Sohaib Imran

Research associate at the University of Lancaster, studying AI safety. 

My current views on AI:

Wiki Contributions


Being very intelligent, the LLM understands that the humans will interfere with the ability to continue running the paperclip-making machines, and advises a strategy to stop them from doing so. The agent follows the LLM's advice, as it learnt to do in training, and therefore begins to display power-seeking behaviour.

I found this interesting so just leaving some thoughts here: 

- The agent has learnt an instrumentally convergent goal: ask LLM when uncertain.

-The LLM is exhibiting power-seeking behaviour, due to one (or more) of the below:

  1. Goal misspecification: instead of being helpful and harmless to humans, it is trained to be (as every LLM today) helpful to everything that uses it.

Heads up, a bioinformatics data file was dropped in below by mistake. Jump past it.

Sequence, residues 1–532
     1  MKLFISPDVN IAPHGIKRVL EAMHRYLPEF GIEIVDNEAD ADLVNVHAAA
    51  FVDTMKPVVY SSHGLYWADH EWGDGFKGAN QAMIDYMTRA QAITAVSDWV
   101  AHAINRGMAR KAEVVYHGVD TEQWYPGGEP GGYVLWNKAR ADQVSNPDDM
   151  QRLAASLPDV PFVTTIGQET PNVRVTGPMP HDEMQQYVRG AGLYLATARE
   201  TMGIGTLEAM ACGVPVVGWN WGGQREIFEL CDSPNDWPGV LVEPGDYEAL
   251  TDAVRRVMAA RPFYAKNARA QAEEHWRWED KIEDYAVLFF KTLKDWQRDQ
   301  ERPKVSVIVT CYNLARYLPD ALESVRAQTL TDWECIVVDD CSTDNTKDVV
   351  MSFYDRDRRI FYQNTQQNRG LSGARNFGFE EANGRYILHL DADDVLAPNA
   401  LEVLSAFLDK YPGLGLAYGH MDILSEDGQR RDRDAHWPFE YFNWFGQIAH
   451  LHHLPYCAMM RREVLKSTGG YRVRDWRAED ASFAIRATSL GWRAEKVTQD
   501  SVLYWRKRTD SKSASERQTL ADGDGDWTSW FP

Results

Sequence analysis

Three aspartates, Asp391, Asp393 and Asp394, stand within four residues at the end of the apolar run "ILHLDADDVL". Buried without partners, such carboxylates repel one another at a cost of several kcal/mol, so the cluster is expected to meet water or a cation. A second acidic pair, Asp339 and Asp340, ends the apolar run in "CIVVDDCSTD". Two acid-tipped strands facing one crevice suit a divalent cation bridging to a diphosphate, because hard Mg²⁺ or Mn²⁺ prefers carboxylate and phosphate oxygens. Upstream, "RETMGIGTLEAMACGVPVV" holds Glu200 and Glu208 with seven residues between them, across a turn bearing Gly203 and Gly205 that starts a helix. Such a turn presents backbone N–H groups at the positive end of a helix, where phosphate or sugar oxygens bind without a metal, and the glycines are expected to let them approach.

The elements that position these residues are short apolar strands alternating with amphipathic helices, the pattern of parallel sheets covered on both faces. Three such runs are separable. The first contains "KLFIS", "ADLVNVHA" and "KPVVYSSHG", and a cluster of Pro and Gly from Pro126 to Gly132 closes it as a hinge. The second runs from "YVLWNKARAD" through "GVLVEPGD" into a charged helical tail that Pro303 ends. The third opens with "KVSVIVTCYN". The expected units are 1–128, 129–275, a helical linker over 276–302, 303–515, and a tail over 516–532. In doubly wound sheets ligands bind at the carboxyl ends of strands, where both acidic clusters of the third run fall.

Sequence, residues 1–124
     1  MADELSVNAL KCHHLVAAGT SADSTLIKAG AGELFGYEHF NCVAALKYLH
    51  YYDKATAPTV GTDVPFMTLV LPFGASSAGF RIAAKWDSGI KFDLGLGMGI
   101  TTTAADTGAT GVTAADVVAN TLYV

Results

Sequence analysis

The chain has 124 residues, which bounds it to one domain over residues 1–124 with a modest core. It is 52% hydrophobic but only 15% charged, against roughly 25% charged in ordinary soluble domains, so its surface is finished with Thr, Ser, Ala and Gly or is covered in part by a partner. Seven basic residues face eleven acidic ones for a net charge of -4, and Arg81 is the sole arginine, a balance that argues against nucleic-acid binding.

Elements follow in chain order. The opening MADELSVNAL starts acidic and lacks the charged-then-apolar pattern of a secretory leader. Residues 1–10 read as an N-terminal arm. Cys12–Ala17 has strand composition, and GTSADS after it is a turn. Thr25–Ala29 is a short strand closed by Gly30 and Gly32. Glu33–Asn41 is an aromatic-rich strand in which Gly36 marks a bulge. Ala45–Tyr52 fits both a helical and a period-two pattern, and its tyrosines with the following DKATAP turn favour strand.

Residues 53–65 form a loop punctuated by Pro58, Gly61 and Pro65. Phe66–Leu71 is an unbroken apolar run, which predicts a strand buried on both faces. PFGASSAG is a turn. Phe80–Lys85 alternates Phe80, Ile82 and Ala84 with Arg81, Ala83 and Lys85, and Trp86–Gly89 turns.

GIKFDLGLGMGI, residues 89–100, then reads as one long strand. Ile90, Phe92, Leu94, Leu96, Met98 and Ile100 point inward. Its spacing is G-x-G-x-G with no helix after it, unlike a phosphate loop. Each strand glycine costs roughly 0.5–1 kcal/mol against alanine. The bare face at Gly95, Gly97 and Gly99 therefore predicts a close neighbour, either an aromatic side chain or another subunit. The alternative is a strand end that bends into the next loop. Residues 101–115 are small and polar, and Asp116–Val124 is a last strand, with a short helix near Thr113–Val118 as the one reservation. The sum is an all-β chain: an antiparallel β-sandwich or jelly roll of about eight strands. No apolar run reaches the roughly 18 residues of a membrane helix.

2. being pre-trained on text consistent with power-seeking behaviour.
  3. having learnt power-seeking during fine-tuning.

I think "1. " is the key dynamic at play here. Without this, the extra agent is not required at all.  This may be a fundamental problem with how we are training LLMs. If we want LLMs to be especially subservient to humans, we might want to change this. I don't see any easy way of accomplishing this without introducing many more failure modes though.

For "2." I expect LLMs to always be prone to failure modes consistent with the text they are pre-trained on. The set of inputs which can instantiate an LLM in one of these failure modes should diminish with (adversarial) fine-tuning. (In some sense, this is also a misspecification problem: Imitation is the wrong goal to be training the AI system with if we want an AI system that is helpful and harmless to humans.)  

I think "3. " is what most people focus on when they are asking "Why would a model power-seek upon deployment if it never had the opportunity to do so during training?". Especially since almost all discourse in power-seeking has been in the RL context.